Taking Care of Yourself FIRST

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This article was written, edited and/or updated on December 23, 2021.

Polonius's advice to his son, Laertes

If you have read Shakespeare's Hamlet, you are familiar with Polonius's advice to his son, Laertes, before Laertes goes off to college. These are the last few words of that speech:

"Neither a borrower nor a lender be,/For loan oft loses both itself and friend,/And borrowing dulls the edge of husbandry./This above all: to thine own self be true,/And it must follow, as the night the day,/Thou canst not then be false to any man."

The final words — "To thine own self be true...[then] thou canst not be false to any man" — simply ring true for most of us in most situations. Not always easily, but worth trying to live up to. Those words suggest to me — particularly within the context of one's own health — to take responsibility for my own health and fitness, to be my own advocate, and to stay healthy and strong for as long as I can. Not everything is in our control, but some of it is: We should heed the obvious.

Healthy Living

There are three areas of daily practical living that we need to address in order to take care of ourselves:

The first is providing ourselves with shelter. We don't have to live in a mansion, but it helps a lot if we at have a roof (which doesn't leak) over our head. As well, we need practical and comfortable clothing that keeps us protected from the elements.

Next, we need to eat a healthy diet. The only problem here is that what precisely is "healthy" is unfortunately debatable, but there are some basics about food consumption that we all know. We always will "give in" to our pleasures now and then, but we all know what we should do:

For a more detailed discussion of health and nutrition, read this: Canada's Food Guide: Nutrition and the Older Adult

Finally, we need to choose a healthy lifestyle. It's going to be different for some than for others (because we have different interests and likes and dislikes), but (as with food) there are some basics that everyone can follow:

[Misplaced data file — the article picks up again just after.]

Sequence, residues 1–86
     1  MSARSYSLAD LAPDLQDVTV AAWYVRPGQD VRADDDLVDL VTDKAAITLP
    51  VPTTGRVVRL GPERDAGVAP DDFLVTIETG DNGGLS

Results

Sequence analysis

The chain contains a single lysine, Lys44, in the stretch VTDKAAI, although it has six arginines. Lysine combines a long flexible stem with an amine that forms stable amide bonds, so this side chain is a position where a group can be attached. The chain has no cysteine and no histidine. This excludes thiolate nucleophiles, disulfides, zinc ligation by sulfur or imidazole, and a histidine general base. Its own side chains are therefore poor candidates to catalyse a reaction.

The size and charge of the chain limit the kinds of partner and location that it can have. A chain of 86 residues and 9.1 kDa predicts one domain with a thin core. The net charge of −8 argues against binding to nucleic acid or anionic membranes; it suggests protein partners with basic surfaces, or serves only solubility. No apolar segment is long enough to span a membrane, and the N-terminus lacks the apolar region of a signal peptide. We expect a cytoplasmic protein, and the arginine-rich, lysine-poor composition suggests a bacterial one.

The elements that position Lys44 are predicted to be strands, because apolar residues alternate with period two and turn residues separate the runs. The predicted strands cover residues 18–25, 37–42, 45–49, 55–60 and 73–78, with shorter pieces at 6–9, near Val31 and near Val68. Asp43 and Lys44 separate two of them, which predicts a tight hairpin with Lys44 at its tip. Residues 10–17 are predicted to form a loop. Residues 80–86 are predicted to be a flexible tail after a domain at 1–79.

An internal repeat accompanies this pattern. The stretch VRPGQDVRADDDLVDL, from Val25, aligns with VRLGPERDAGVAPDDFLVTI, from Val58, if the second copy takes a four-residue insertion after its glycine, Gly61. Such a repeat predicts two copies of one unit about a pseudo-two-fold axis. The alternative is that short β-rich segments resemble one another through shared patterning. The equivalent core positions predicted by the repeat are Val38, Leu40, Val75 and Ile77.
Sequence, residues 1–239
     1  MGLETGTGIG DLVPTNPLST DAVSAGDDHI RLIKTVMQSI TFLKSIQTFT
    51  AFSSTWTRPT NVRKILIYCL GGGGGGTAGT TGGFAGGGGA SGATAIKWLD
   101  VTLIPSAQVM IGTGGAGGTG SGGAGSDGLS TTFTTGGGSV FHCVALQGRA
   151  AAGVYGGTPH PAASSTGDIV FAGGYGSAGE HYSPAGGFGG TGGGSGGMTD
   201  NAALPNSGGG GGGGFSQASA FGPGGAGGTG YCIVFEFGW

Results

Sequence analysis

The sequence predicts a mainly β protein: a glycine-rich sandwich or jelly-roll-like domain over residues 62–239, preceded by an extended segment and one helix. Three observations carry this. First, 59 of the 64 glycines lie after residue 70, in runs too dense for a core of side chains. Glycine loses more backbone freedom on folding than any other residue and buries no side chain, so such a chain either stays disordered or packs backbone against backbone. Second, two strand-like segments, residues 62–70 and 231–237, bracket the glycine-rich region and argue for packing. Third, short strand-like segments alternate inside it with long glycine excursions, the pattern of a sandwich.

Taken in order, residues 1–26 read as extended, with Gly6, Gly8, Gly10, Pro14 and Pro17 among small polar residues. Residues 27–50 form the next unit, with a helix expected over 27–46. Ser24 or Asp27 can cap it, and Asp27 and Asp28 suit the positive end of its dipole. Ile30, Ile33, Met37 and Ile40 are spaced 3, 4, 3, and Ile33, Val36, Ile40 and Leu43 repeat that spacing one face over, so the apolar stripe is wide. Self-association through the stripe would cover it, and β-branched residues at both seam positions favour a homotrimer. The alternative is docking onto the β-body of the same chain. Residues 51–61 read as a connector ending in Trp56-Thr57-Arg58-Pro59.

Stress: How it Affects Us

With the best of intentions, we may begin every day with a positive note and then discover that it is hard — so very hard — to stay positive and to find joy in what we do.

Stress is caused by situations and pressures from daily living — anything from exhausting work to a rocky relationship to caring for a sick child or a failing parent or spouse or good friend. These situations are known as stressors — they can be anything that puts high demands on us. Even something we enjoy can turn into a stressful situation.

In short, no one is free from stress, yet it can contribute to many health problems: high blood pressure, depression, heart disease, panic attacks, obesity and diabetes, to name just a few.

We know, through research, that stress can affect the body — your thoughts and your feelings — and in turn affect your behaviour. Everyone needs to be able to recognize the symptoms of stress and, hopefully, find a way to relieve them. This can be very difficult at times, but with practice, most of us can usually find ways to relax. Here are some examples:

Taking Care of Yourself vs. Volunteerism

Our society would not be able to survive without volunteers. They work in nearly every area of our society: from ladeling up soup to those less fortunate, to helping at the Olympics, to working at a thrift store or taking books to people in the hospital.

Volunteering to help others is rewarding. Our health may improve and we may experience personal growth as we do something we've never done before and meet new people.

But volunteering can also become just like any job, and the some of the stresses of volunteerism are well known. They are:

I do not wish to suggest, in any way, that people should not volunteer. But each volunteer does need to be aware of how much time they can give, how many days a week, and what types of activities they are comfortable with. If it begins to feel too much like a job, it's probably time to re-think your priorities.

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I am a BCRPA-certified fitness instructor in Vancouver, BC. I teach four classes at the West End Community Centre in Vancouver, BC, mostly designed for the older adult. The Inevitable Disclaimer: Everything published here expresses only my opinion, based on my training and research. What you do with the information is entirely your own responsibility. I am not liable for any injury you suffer that seems to be related to anything you read here. Always consult your doctor before beginning an exercise program. For other articles, return to the table of contents.

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